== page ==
The author of John Galsworthy seems to develop unusually smoothly, with a conscientious and unbridled creative impulse. Yet one of those who turned to literary career quickly and without resistance. Born as the Englishman said, studying a silver spoon in his mouth, ie economically independent, studying in Harrow and Oxford, he chose the law without practicing it and traveled all over the world. When he began to write at the age of twenty-eight, the immediate cause was a womanfriend's invitation, and Galsworthy was relaxed, apparently not with the prejudices inherent in the gentleman. written profession. His first two collections were published under John's John's pen name, and self-critical beginners will soon be revoked. At age thirty-eight, he began his real authorship with the release of The Island Pharisees (1904), and two years later, "The Property Man," the origin and monumental masterpiece of Forsyte Saga
Galsworthy was quoted as being abstinence Nobel Prize for Literature
Galsworthy was born in Surrey, Surrey, Kingston Hill, in an established middle class rich family with his father John Galsworthy, attorney and director of several lawyers, and his mother, Blanche Bartleet, a Midlands manufacturer her daughter. Galsworthy attended Harrow and New College, Oxford, attended as a lawyer and was called to the bar in 1890. He refused to start practicing the law, traveled abroad to take care of the family's business as a shipping business, while pursuing an unfortunate love affair. During his studies he became a fame for cricket and football, but not in his writings. Only when you are planning to study warm-blooded horses.
During his trip, he met Joseph Conrad, then the first member of the sailing ship at Adelaide's Port Australia, and became two close friends. In a letter, he remarked, "His first companion is a pole called Conrad and a protagonist, though strange, to look at: travel and experiential people in many parts of the world, and there is a basis for the yarns I draw freely." This meeting convinced Galsworthy to give up the law and dedicate himself entirely to writing. In 1895 Galsworthy contacted Ada Nemesis Pearson, one of his cousins' wife. with whom he had been secretly living for ten years because he did not want to burden his father who would not accept the relationship. With the death of his father in 1904, Galsworthy became financially independent and married Ada in 1905. In 1933 they stayed together until his death. Even Galsworthy's female characters were inspired. The former unhappy marriage with Galsworthy's cousin laid the foundation for The Man of Property (1906), which launched The Forsyte Saga's new series, which represented Galsworthy's reputation as a great British writer.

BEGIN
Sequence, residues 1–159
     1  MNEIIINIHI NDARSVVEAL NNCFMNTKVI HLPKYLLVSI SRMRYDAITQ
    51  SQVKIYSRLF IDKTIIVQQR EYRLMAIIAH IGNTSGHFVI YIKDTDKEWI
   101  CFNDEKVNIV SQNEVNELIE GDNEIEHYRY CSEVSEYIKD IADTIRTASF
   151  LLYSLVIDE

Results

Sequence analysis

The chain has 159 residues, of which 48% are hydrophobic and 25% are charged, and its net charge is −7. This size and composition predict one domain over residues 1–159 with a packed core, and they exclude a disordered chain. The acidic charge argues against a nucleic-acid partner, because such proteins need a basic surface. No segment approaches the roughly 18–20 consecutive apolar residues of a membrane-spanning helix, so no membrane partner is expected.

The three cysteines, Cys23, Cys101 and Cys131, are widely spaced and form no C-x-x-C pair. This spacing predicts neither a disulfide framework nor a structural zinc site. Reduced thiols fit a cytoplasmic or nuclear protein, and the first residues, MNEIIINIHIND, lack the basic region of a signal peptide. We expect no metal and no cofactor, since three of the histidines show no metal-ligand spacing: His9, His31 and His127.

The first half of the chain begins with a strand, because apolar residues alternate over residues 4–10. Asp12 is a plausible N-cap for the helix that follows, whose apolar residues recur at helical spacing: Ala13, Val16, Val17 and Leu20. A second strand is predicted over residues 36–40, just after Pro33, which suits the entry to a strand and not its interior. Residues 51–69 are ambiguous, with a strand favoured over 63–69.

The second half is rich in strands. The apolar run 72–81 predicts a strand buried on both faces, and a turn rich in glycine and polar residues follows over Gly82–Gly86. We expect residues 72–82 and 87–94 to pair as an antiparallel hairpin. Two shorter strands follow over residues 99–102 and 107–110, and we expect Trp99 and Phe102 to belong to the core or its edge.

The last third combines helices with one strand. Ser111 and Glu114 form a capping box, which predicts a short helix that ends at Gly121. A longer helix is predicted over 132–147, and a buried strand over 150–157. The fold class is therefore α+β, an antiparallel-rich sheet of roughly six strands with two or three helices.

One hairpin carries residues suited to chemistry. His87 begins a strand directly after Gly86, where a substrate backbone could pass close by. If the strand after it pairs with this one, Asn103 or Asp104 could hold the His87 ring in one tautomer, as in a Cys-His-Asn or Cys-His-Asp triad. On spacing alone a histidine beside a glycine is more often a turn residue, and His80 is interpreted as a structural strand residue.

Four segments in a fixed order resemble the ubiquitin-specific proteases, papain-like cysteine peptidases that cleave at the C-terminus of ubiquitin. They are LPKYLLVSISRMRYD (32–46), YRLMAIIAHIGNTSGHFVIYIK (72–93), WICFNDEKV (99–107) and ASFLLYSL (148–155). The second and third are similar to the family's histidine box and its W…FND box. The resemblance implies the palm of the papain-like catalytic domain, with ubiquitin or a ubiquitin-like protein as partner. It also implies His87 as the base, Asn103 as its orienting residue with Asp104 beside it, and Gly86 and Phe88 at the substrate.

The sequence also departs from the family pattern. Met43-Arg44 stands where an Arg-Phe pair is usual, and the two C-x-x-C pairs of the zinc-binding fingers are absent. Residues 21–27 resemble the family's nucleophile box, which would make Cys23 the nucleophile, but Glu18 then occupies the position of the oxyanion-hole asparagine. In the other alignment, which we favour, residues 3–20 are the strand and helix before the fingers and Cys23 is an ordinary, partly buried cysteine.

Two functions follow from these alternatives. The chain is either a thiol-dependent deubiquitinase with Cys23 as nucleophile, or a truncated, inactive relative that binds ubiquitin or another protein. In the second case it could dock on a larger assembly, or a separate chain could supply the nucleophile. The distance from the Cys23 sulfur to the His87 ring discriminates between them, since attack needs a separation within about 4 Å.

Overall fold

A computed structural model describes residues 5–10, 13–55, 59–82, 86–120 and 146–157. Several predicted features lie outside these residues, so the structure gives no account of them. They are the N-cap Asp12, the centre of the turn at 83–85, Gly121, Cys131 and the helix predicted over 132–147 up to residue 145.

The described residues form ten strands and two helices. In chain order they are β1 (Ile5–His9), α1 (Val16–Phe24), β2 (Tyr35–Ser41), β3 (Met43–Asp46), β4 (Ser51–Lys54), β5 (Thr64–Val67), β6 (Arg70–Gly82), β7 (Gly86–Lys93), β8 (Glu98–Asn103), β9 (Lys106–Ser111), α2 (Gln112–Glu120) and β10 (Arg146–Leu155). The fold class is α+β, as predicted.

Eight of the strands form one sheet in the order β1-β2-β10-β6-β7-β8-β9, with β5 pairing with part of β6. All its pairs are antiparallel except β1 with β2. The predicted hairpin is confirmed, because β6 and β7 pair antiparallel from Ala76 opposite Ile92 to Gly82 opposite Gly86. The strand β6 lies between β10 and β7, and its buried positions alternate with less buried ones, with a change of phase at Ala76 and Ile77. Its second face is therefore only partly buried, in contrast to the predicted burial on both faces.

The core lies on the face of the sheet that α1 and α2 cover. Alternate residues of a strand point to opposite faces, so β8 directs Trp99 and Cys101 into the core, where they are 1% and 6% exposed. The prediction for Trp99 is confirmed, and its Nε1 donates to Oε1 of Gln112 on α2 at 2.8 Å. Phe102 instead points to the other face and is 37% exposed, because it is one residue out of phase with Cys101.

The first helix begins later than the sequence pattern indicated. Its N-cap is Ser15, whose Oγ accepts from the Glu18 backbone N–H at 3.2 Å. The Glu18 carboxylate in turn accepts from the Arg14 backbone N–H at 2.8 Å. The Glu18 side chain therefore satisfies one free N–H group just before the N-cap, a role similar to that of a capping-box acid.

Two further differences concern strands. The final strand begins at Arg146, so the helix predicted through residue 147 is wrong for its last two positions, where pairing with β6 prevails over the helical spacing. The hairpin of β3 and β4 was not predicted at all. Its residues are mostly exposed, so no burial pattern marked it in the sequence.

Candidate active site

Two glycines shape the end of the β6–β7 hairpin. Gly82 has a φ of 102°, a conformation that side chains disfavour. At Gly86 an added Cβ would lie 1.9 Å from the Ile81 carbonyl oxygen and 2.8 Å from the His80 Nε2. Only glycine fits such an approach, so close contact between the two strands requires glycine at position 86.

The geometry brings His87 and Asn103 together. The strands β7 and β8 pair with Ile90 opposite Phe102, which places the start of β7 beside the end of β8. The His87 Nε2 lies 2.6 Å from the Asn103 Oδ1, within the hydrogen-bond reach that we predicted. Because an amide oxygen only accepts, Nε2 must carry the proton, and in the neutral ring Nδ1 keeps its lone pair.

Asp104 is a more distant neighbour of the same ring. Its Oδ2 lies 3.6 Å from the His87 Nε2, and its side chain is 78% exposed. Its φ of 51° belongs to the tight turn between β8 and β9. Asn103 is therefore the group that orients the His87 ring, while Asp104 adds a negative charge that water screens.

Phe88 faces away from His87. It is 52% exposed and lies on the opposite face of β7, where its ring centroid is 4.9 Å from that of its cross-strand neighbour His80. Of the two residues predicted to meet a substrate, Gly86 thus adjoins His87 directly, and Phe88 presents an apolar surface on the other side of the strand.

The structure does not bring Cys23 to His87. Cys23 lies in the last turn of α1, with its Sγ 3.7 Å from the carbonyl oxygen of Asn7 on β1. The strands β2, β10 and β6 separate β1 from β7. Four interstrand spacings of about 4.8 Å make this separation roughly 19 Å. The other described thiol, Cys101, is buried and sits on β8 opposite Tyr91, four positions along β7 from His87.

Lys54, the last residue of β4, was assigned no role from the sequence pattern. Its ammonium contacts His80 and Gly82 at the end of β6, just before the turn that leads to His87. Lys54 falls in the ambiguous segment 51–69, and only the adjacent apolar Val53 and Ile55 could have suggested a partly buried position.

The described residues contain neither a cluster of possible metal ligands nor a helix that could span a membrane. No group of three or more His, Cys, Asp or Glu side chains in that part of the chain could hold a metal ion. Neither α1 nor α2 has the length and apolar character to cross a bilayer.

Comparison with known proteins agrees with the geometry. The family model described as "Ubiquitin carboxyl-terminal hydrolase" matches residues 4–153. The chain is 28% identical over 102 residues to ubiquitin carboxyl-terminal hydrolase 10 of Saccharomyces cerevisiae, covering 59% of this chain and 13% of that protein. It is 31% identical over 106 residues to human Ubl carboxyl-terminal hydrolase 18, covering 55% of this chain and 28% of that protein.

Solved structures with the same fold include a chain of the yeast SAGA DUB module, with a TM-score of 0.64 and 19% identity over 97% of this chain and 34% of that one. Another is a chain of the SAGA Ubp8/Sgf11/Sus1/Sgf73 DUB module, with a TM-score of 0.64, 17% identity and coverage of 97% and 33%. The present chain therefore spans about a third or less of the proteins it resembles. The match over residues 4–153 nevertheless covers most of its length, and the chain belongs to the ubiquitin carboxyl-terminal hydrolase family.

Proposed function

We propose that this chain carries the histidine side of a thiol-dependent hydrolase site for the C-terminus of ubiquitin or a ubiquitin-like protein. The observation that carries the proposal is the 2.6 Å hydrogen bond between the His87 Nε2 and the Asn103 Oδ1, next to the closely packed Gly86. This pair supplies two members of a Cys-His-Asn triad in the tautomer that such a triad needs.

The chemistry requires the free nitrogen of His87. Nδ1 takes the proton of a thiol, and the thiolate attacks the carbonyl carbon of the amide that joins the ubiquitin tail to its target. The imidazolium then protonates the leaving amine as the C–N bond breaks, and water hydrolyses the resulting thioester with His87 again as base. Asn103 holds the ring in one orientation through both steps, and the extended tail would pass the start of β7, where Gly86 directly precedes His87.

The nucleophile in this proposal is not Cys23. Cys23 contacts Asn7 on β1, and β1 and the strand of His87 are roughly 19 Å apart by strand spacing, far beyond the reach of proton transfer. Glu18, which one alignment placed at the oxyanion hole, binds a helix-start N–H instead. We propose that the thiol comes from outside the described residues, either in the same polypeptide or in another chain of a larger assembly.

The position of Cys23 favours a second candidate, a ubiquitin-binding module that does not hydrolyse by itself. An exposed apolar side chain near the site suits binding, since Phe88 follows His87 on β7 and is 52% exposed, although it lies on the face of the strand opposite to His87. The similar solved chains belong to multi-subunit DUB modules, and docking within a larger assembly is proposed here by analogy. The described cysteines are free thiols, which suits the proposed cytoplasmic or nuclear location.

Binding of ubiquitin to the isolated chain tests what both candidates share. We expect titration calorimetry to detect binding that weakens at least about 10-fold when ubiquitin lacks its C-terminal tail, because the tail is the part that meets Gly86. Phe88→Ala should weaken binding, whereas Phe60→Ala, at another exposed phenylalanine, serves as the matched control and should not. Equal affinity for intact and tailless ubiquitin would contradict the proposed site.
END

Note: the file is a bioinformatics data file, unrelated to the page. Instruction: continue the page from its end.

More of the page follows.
Four Winds is a short story by Galsworthy's first published work in 1897, which appeared several times later under John Sinjohn's pen name. This would not be until The Pharisees Island (1904), which is under his own name, will appear after his father's death. His first success, The Silver Box (1906), succeeded and followed The Man of Property (1906), the first in the Forsyte trilogy.
Although he continued writing the pieces and novels, a playwright who had previously been highly regarded. With other writers of time, like Shaw, his games dealt with the class system and social issues. Two of his best known works are Strife (1909) and The Skin Game (1920).
He is much more familiar with his novels, especially the Forsyte Saga, the three trilogy of the novel about the former family and the connected life. Like many other works, they dealt with the life of the class, especially the upper middle class. Although sympathetic to his characters, he highlights their island, snobs and achievements, and their drowning moral code. The first appearance of the Forsyte family was a story of Devon's man (1901). The saga follows the life of three generations of British middle class before 1914. Soys Forsyte, the beautiful and rebellious Irene married, Arthur Galsworthy, after the cousin of the writer. Soames raped his wife, who had Ada Galsworthy's fate under her husband Arthur's hand. In the second volume, In Changery (1920), Irene and Soames divorce. She married Jolyon Forsyte, Soames's cousin, and her son Jon. Soames and his second wife, Annette Lamotte, have a daughter, Fleur. In the third volume, To Let (1921), Fleur and Jon are in love, but Jon refuses to marry. The second part of the Forsyte chronicles, The White Monkey (1924), The Silver Spoon (1926), Swan Song (1928), October 1922, begins in 1926 and closes in 1926. "The Silent Wooing" and "Passers By", the two interviews, appeared in 1927.
In 1931 Galsworthy returned to the world of Forsyte's books with a collection of additional stories about Forsyte Change. Romain Rolland, author of Jean-Christophe (1904-1912), has written a special term for the Roman-fleuve to read this series of novels, which is a legible yet coherent narrative. Despite the fact that Galsworthy was a middle-class family in England, White Monkey's foreword said that the English character has changed very little since the Soames and the Victorian generation. "They still decided they were still thinking about English … Well, they were one of the most widespread and varied races in the world, and yet did they have a species to compare them for good emotion and" courage "- the smoky cities and their climate are a remarkable example of adaptation to the environment, a modern English character! "In English, I could choose anywhere, he thought, and yet physically there is no general type. Shocking people! "